Moving home is one of the most exciting, frantic and anxious movements that we go through in life.
From moving to your first rental property to finally taking the plunge and investing in your own property, this is always such a big step in life.
In fact on average a person in the UK will move home at least 8 times in their lifetime.
This is 8 times of searching, 8 times of packing and 8 times of settling in.
So what is it that goes into moving house, what are the choices and factors that influence the decision to make such a drastic change.
This is honestly a difficult question to answer as after all, what motivates people to have a fresh start is unique to that one individual.
However what are the factors that go into choosing your brand new nest.
Location is one of the key factors in making a decision to move to a new area. This is because it has an impact on all elements of your daily life, where your journey to work in, to accessibility to local amenities and shops.
The overall environment your potential home is in can also have an impact on your decision on a house. After all, if this is the place you will be waking up to every morning, therefore it is important that it is somewhere you really want to be.
This second factor is more critical to renters rather than buyers. Never the less, when you go for a viewing one of the key elements to your environment is the décor. That first impression that you get when you walk in can make or break any potential move.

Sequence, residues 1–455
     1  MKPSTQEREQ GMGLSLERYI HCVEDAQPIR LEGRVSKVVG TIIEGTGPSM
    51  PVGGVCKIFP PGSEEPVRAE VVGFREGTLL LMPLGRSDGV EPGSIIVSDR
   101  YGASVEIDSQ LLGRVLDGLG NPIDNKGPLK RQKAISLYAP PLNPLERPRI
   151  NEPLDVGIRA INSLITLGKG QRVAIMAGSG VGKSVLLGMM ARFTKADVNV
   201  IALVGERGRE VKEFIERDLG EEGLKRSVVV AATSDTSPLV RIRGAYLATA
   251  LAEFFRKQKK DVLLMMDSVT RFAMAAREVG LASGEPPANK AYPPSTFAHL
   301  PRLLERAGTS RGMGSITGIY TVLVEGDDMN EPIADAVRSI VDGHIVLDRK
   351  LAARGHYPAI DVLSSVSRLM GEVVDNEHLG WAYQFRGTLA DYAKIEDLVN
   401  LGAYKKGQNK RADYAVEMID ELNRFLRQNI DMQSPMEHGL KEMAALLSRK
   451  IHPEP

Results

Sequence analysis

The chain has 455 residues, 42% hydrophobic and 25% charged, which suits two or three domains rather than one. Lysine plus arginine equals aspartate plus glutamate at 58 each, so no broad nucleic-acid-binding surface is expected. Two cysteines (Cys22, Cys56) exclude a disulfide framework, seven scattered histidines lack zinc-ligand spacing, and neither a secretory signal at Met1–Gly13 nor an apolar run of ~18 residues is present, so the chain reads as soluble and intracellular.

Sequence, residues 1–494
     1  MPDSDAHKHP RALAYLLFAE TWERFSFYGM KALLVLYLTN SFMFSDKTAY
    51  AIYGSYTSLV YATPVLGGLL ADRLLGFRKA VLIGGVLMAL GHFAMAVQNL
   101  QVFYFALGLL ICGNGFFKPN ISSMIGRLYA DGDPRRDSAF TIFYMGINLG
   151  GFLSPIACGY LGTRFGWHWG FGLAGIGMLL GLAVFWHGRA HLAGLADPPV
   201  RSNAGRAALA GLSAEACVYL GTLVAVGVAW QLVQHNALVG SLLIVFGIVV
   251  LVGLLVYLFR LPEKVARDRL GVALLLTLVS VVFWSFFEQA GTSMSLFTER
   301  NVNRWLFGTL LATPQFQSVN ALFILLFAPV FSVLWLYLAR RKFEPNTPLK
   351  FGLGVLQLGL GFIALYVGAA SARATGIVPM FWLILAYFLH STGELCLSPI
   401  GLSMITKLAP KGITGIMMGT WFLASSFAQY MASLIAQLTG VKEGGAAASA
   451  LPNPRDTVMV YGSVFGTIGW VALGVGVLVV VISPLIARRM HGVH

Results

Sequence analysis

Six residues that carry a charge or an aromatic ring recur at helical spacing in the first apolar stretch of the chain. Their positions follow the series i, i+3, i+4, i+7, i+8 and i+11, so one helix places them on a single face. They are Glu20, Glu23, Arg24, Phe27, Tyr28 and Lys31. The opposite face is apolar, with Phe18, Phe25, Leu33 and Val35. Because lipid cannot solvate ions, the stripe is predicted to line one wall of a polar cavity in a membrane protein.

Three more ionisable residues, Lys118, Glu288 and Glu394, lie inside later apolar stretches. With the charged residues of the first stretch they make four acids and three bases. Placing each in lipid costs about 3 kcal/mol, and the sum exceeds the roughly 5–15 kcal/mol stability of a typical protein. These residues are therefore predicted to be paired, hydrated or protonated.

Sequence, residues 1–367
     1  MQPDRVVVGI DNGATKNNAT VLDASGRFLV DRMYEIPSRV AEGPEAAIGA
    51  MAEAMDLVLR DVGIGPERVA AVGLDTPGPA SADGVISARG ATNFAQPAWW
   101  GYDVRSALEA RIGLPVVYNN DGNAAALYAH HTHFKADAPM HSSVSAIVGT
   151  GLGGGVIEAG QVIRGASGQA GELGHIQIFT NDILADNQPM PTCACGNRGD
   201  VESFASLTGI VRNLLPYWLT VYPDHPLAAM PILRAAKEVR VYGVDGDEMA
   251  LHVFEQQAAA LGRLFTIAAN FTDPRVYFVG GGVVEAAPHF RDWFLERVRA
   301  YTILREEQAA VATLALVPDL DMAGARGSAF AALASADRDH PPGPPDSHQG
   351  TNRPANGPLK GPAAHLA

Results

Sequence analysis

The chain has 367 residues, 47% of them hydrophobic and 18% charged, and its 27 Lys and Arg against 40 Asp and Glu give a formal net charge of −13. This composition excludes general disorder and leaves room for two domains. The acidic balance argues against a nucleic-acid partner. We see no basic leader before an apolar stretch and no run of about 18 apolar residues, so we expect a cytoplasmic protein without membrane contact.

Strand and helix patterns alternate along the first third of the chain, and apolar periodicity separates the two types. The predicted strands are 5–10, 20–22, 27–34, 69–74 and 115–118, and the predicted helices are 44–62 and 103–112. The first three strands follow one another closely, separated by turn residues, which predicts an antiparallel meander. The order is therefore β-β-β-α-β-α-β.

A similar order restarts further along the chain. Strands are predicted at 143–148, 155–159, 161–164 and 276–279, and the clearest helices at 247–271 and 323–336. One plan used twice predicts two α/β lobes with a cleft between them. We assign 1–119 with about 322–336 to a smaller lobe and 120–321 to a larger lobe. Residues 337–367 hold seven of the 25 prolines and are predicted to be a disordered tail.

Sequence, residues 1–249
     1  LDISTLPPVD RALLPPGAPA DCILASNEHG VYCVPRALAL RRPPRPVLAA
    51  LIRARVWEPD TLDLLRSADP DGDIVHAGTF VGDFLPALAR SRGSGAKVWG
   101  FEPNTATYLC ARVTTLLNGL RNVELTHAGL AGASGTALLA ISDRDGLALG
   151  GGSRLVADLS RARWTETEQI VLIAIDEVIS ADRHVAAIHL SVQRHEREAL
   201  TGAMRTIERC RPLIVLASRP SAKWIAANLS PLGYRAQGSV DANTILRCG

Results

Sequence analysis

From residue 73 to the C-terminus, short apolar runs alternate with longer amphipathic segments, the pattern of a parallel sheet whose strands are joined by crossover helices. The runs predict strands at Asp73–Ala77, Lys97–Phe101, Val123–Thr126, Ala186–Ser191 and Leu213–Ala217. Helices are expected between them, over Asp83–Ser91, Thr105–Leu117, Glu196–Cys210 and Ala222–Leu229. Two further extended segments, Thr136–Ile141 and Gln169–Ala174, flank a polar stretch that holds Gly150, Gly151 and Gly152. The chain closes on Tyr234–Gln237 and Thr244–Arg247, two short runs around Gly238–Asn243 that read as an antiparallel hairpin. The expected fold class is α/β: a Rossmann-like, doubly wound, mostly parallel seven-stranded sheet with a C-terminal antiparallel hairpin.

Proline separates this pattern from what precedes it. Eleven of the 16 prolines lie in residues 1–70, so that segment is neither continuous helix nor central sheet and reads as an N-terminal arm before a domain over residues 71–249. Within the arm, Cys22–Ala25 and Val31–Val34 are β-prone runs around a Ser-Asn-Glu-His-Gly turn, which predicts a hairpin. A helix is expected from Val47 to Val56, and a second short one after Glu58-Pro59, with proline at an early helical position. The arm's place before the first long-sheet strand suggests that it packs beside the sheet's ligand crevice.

Walking into a property with old, bland carpets and cracks in the wall will not stand much of a chance against a home with fashionable wallpaper and grey laminate flooring in the living room.
This also factors in with buyers as well. Although in most cases a buyer will have every intention or renovating the home once they have moved in; seeing the house in a pleasant and well-presented manner demonstrates its design potential.
This is arguably the most critical factor which goes into deciding on choosing a new home. We all have different circumstances, and therefore different requirements for what we want out of our homes.
For example a small back to back property would not be very good for a growing family as space would be incredibly tight. On the other side there is no point if you are renting in paying out extra for space which you are never going to use.
Also from a buying perspective, you have to consider short and long-term changes due to the higher commitment levels compared to renting. When you move in you may feel there is plenty of space and room, however what if you wish to have a family or require more space for hobbies and personal projects.
Another element of functionality is how easy the house will be to maintain, seeing cracks in the wall and scuffed flooring may not leave the best of impressions.